Author Topic: Pros and Cons of Equity/unions  (Read 3527 times)

0 Members and 1 Guest are viewing this topic.

Frog

  • New to Town
  • **
  • Posts: 6
    • View Profile
    • http://
Pros and Cons of Equity/unions
« on: Apr 28, 2005, 01:33 pm »
I'm doing a research project on how Equity/unions affect the theatre world today.  Obviously, when they first were established, they ensured fair treatment of actors, prevented abuse of power, etc.  But I'm wondering (as someone who has no experience whatsoever with them) what people's reactions are to their effectiveness.  This can apply to both actors and techies.  I'm also not limiting responses to those who are currently in a union.  Here are a few questions to get some responses/answers flowing: Is Equity/unions doing what it was originally intended to do?  What are positive aspects of them?  What are negative aspects of them?  Do they help or hinder good and successful theatre?  Are they useful or more of an annoyance?  These are just a few questions.  If you have more opinions other than what I've listed here, by all means speak up!  I'm not trying to ruffle feathers...I'm just trying to gauge general feelings.  Also, if you post a response, can I quote you in my research paper?  I can definitely keep it anonymous (such as, "Equity is the best organization in the world" says an Equity SM) but I would like to know if I can quote you.  Thanks!!

VSM

  • Moderator
  • *****
  • Posts: 691
  • Gender: Male
    • View Profile
    • http://www.vernonwillet.com
  • Affiliations: AEA, SMA
  • Current Gig: PSM - Laguna Playhouse
  • Experience: Professional
Pros and Cons of Equity/unions
« Reply #1 on: Apr 29, 2005, 11:23 am »
I believe very much in my Union and feel it is essential to the working Actor and Stage Manager for the following reasons, which are merely a few reppresentative items...

1.  MINIMUM SALARY. The Union fought to make sure that there is a minimum under which producers cannot go.

2. ADDITIONAL DUTIES PAY.  More work? More money...

3. HEALTH INSURANCE.

4. PENSION plan. And a 401K plan. Do you have additional plans for your retirement?
 
5. You are covered under WORKERS' COMPENSATION INSURANCE if you should be hurt while on the job.

 6. The Producer pays into an UNEMPLOYMENT FUND. When your job ends, more often than not you can collect Unemployment.

7. We make sure that FILMING and TAPING have very strict rules and provisions for payment. Once again, more work? More money.

 8. WORK RULES.  We make sure that Producers can’t work you 24/7. We fight to make sure you get enough sleep.

9. SAFE AND SANITARY CONDITIONS.  We make sure you have them. Things like hot and cold running water, a half-way decent dressing room, restroom facilities that you don’t have to share with the audience. We make sure that you don’t spend your offstage time killing cockroaches, striking the set or sweeping the floors.

 10. BONDING.  All Producers must post a security bond with the Union. That way, if the Producer defaults or is unwilling or unable to pay you, if you have signed your contract and turned it into the Union office, we have arranged for you to receive two weeks minimum salary.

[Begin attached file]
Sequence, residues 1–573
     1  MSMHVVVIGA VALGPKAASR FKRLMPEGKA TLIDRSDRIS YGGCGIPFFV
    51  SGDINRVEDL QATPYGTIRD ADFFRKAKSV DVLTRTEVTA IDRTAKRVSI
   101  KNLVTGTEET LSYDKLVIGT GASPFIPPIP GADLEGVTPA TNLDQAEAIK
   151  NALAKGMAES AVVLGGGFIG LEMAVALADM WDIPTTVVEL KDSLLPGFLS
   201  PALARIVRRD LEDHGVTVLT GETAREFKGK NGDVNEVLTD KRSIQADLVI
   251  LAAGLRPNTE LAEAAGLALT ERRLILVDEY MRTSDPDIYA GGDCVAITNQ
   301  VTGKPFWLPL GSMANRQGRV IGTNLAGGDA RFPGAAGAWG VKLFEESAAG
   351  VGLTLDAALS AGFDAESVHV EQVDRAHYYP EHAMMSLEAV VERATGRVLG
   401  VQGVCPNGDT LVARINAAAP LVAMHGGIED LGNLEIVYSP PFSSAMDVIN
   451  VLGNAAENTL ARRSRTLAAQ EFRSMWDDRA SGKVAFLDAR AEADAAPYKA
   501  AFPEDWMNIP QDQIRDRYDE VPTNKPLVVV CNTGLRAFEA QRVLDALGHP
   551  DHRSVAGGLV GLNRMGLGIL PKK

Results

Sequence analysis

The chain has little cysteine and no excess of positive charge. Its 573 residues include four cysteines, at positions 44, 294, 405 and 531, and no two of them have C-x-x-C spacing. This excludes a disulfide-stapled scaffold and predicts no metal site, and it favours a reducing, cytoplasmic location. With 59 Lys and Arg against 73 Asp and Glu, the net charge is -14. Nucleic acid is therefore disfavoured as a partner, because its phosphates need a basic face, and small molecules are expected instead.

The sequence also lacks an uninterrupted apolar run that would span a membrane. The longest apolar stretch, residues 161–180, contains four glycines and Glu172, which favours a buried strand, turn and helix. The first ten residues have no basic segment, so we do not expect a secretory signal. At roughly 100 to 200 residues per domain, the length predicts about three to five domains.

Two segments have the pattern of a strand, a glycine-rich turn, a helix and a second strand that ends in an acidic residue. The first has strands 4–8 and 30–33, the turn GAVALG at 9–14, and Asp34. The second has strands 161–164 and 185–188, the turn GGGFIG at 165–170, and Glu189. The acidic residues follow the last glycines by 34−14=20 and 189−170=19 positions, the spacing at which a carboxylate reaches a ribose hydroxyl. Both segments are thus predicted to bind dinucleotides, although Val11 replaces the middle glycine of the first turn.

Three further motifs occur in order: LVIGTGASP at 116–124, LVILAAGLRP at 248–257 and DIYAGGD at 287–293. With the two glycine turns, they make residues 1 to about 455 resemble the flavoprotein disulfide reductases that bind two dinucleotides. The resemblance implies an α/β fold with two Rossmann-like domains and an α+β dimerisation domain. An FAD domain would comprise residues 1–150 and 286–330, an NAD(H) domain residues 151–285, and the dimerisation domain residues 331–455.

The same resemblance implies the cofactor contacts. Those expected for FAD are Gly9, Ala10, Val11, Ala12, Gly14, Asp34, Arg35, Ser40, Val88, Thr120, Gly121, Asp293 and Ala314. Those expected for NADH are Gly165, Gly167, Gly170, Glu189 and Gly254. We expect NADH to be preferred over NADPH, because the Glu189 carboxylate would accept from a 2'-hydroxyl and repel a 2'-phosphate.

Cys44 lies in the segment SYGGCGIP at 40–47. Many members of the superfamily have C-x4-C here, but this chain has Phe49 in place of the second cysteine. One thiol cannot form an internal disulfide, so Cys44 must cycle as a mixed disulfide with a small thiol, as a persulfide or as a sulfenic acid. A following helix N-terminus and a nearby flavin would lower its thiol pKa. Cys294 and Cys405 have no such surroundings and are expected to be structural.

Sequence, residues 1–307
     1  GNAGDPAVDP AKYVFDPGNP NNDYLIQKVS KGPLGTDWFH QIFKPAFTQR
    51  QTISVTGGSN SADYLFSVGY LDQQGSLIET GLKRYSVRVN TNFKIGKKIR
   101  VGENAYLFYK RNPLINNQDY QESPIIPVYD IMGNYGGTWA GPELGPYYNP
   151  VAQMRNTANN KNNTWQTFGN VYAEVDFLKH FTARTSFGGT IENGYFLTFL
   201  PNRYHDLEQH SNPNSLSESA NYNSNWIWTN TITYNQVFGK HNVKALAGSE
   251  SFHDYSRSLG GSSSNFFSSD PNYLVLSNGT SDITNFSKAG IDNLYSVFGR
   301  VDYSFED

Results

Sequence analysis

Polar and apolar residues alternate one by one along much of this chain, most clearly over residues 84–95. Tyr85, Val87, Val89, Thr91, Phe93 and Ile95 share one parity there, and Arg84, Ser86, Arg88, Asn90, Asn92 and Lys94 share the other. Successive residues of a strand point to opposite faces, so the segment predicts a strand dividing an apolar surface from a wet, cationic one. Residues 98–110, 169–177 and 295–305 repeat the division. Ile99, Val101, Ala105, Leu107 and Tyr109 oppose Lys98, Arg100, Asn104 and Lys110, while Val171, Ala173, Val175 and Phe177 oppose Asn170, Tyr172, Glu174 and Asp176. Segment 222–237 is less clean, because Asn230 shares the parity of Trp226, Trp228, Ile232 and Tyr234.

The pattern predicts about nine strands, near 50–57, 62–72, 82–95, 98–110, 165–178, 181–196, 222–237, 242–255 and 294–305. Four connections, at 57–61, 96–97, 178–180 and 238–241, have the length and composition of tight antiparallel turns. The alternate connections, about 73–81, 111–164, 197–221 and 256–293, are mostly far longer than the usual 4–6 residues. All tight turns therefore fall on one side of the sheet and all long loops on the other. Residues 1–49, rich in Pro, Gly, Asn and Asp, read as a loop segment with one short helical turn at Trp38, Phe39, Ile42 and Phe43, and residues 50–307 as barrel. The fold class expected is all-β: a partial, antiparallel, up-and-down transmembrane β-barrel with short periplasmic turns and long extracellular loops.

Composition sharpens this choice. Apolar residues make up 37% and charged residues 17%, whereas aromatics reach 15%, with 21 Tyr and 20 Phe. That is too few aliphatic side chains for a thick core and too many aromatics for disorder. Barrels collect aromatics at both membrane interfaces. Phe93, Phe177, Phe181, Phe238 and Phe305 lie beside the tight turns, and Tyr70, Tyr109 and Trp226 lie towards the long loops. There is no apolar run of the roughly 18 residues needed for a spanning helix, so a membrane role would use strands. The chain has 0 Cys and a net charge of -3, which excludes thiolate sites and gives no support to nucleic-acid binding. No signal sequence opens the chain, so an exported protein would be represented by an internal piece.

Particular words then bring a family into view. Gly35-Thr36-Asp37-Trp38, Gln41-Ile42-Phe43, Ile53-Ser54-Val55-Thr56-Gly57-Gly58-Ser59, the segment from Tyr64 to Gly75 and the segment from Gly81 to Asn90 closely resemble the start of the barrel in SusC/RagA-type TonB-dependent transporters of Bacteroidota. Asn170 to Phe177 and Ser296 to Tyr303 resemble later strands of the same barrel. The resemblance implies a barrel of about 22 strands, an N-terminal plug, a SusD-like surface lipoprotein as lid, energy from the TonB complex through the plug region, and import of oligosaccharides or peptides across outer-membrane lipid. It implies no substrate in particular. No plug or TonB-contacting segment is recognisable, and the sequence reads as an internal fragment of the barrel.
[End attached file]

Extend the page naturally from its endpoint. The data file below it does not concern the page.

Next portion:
11. We are constantly creating NEW CONTRACTS that allow you different opportunities to work at home and on the road.

 12. WEBSITE…
Ordo ab chao

SM_Art

  • Guest
not to mention...
« Reply #2 on: Apr 29, 2005, 01:02 pm »
Remember why Equity was created in the first place when you ask if they do what they were intended to do:
Producers didn't pay actors for rehearsals, only for performing... and they might rehearse a show for MONTHS and then open and play a week.  Result?  You got paid for the week.  If they folded the show without opening, you got bupkis for your time.

Yeah, they do what they're intending to do... and yes, you may quote me.

Art

Mac Calder

  • Forum Moderators
  • *****
  • Posts: 965
  • Gender: Male
  • Plan for the future, live for the now
    • View Profile
  • Affiliations: Live Performance Australia / Media Arts and Entertainment Alliance
  • Current Gig: Technical Director
  • Experience: Former SM
Pros and Cons of Equity/unions
« Reply #3 on: May 01, 2005, 08:56 pm »
Having worked non union for a while, as well as ameature - I can tell you now - non union can be the pits for SM's -

ie that lighting plot starting at 4pm, after focus, which is scheduled to finish at 7pm, often ends up going till 4am in the morning - now as SM, I ensure I am there from start to finish of that day - and the fact that I have a sound plot the next morning at 7am, means that I drive home from  the theatre, and basically get to bed by 5. Then I have to wake up a 6 to get to the theatre by seven, and what is in my pay cheque - standard 9-5 pay. Sure it evens out a little bit - I may get 9-5 pay for some days where I ONLY do 4 hours in the afternoon - it depends how dedicated you are - I love stage managing, and tech week in general, so I am happy to sleep on the crash mats in the theatre to get the extra 2 hours sleep.  I would break the union rules with the hours I do - currently I do quite a bit of ameature work, which is usually a bit better - they are usually booted out by venue techs at midnight.

Tags:
 

Related Topics

  Subject / Started by Replies Last post
5 Replies
6471 Views
Last post Jan 10, 2007, 09:20 pm
by ljh007
5 Replies
4082 Views
Last post Apr 02, 2006, 04:37 pm
by samthestagemanager
13 Replies
4261 Views
Last post Jan 28, 2013, 10:49 pm
by MarcieA